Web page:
I retrieved my backpack from the luggage compartment of the bus. I had $65.00 left, but riding the bus had been a luxury I enjoyed. Three other passengers remained on the Greyhound destined for other parts west, but I hoped this small mountain town in North Carolina held a new beginning for me. Everything had gone wrong in my life. Badly. Though over two years in my past, a morning in 1977 when I had heard voices seducing me over the railing to an Atlanta interstate below by describing a personal introduction between me and a speeding eighteen-wheeler as a positive event, haunted me. I breathed daily pretending fear dogging me like a hungry, street mongrel wasn't there.
From the depot, I walked a block to Burger King, ordered a fish sandwich, and picked out a table facing the day's end. On this June, Thursday evening the BK was empty. I laid my remaining cash on the table by the steaming sandwich. I had never been so low on money and in a strange town with no job lined up. In all my drifting, I had never been this close to nothing.
Steam from the sandwich soon to be supper caught the last rays of the sun in delicate swirls. I have about that much substance, crossed my mind and a stillness took over. Contemplating what faced me was more than running out of money. The muffled noise of traffic faded. I tuned the world out again, a trance without meditation. Silence, the ease of quiet settled over me. I was familiar with moments like this: restful in a sense but unnerving. Always I faced an absence of ... of ... what to call this quiet hole? Self? Soul? My own thought broke the reverie: For the hundredth time: Who am I? I ignored the question because I couldn't answer it. I began eating the sandwich. Despite my emotions, I savored that sandwich. I hungered for fries or a soda or an apple fried pie or all three, but I needed the bit of cash to last until I had a job.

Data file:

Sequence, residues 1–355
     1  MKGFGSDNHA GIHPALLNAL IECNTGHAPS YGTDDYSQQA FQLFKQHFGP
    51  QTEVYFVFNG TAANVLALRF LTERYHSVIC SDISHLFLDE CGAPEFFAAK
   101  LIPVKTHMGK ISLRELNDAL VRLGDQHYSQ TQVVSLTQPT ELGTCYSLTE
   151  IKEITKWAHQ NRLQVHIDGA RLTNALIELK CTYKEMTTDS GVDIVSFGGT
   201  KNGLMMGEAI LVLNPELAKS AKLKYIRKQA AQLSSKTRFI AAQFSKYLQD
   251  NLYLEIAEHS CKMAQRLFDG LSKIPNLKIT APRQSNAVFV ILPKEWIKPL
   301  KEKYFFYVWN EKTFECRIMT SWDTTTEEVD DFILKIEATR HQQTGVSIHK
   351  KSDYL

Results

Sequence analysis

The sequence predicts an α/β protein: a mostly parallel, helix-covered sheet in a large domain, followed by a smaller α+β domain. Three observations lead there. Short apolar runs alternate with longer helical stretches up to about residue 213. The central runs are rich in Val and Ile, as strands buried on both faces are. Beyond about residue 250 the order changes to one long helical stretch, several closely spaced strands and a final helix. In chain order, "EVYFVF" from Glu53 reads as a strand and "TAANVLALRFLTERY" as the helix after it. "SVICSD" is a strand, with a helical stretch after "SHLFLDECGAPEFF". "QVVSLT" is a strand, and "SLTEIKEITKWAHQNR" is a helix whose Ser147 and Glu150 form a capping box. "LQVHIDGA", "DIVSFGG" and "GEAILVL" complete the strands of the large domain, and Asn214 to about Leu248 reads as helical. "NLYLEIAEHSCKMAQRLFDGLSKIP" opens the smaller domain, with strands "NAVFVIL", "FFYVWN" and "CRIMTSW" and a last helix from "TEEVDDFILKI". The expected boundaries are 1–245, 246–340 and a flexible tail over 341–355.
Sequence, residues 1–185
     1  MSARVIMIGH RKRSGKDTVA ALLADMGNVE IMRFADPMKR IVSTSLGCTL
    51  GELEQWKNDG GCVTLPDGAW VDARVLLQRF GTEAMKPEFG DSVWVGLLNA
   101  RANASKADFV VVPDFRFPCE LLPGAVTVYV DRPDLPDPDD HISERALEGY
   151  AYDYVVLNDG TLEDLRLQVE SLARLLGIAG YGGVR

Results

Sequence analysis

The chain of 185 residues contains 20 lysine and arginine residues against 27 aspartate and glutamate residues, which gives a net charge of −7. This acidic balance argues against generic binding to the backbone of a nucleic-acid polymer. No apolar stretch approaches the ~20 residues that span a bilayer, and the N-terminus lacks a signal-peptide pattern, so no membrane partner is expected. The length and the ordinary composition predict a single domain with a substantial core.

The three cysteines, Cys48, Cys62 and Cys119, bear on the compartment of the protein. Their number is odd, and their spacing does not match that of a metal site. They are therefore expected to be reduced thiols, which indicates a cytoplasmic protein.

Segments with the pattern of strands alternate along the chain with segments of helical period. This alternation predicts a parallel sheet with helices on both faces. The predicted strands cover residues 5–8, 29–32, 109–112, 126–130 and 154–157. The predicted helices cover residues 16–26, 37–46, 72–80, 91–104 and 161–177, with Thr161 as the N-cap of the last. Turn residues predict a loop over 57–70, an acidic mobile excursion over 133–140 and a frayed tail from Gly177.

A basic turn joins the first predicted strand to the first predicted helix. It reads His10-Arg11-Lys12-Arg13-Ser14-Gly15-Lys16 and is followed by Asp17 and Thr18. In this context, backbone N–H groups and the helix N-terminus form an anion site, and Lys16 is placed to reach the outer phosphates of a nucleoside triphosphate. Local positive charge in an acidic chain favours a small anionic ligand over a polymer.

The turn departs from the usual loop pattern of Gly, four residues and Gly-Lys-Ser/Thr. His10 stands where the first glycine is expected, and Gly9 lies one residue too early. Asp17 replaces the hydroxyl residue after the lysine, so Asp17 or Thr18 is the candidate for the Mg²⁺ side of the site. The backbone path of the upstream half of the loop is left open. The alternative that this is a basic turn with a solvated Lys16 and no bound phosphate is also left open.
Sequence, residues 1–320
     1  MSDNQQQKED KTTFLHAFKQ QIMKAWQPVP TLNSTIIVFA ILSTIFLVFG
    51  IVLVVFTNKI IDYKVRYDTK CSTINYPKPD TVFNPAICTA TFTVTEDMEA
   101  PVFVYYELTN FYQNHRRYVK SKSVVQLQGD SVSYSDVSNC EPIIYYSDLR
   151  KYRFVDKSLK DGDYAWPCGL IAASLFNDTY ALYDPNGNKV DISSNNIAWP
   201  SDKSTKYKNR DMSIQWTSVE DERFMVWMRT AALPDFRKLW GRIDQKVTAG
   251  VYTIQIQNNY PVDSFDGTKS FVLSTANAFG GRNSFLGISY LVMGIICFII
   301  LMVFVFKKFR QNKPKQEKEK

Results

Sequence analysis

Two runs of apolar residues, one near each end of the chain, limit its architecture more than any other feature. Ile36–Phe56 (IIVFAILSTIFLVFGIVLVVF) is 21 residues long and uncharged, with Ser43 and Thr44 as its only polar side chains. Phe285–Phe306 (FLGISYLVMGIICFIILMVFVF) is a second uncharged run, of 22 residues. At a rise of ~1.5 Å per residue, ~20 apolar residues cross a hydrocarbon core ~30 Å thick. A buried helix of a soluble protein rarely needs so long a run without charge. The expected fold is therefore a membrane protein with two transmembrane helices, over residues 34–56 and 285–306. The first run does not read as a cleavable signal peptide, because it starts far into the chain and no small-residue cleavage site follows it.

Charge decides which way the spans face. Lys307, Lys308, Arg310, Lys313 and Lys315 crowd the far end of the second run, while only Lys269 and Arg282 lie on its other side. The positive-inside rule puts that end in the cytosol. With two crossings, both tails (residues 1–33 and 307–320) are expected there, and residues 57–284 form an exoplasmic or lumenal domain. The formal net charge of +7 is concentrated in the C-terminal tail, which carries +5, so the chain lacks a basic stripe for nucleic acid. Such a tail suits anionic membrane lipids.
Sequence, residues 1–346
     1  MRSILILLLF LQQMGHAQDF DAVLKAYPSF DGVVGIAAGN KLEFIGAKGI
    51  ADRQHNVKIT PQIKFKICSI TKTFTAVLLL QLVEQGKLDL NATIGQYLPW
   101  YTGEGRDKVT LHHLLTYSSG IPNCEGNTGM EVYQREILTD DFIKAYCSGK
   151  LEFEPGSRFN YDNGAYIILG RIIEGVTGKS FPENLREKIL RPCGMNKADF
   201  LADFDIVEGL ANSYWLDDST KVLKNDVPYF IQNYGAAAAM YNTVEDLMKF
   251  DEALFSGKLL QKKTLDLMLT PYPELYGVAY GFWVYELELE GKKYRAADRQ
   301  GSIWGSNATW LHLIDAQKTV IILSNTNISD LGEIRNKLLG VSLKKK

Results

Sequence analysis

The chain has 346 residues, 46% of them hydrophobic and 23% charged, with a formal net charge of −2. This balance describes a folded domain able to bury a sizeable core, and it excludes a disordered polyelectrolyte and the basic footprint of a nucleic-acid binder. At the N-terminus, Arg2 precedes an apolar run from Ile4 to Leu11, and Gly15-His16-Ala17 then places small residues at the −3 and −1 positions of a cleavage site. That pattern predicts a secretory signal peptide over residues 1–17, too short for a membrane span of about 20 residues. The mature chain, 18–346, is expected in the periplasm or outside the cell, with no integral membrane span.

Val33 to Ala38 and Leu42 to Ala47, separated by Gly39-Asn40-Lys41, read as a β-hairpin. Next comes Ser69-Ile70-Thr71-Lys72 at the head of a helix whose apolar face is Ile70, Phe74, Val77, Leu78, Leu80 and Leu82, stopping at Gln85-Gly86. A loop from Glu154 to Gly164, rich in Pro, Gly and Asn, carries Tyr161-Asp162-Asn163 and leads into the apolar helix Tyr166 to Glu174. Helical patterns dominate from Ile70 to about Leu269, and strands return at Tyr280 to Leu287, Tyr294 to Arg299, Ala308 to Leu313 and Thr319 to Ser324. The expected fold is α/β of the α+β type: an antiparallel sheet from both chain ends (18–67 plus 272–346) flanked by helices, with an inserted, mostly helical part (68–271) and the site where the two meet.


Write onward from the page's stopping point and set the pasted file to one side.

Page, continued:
I chewed that last bite and fantasized a futuristic form of entertainment. Rather than watching a movie, you lived it. You paid your money and spent two hours feeling and thinking like the star with a script--a nightmare of someone else but good for a thrill. Only trouble for me was the theater never closed, and I was locked inside. Scripted lines never stopped. I was an act, rehearsed and ready, depending on the scene around me.
Trashing the paper from my meal like a good citizen, I shouldered the backpack containing what I owned at 23 years of age. I had sold first the car, then the motorcycle for cash to spend. I had given the ten speed away. For the last two years, I lived out of a portable closet. I headed for the university a BK employee told me was a mile or so down the road. Maybe I could charm my way into a dorm room for the night. As the day's light mellowed to soft glow, I found myself between the entrance sign of the university and a boarding house named The Beckonridge. (really!) The hair on the head of the lady answering the door had been gray for years.
"Yes, son?" she asked me.
"I noticed the rooms-for-rent sign. How much?"
"Come in. I have one available for one week. $25.00."
I never agreed. Her authoritative tone had done the deal. I entered the house and in a matter of minutes was watching TV with my landlady and her 55 year-old daughter. She invited me to church on Sunday.
"Sure," I said while thinking to myself, What does another hypocrite in church matter? Mrs. Hardin played a hymn on the piano after the television program, and I excused myself as being very tired before she started a second. Maybe by Sunday I will have a job, and that'll give me a reason not to go.
I turned off the overhead light which glared against the pea-green walls and lay back on the over-used mattress. After paying for the room, I had a little over thirty dollars. If a job didn't materialize in a week when this rented stay ran out, I'd have to move on to larger Asheville. Hunger pains from the too-soon digested fish sandwich gave me a second opinion of the situation. I could probably get some cash by ... all my ideas were illegal.
I had little money and no options: nobody to call, no dope or booze, nothing in the past to anchor against, and no plan for tomorrow. Mrs. Hardin on the other side of the sheet-rock wall waited to haul me off into Bible-belt religion, and all my ideas indicated life was over the edge farther than ever before. Considering how close the edge had been in Atlanta, that left me no more lines in the script. I sweated myself to sleep.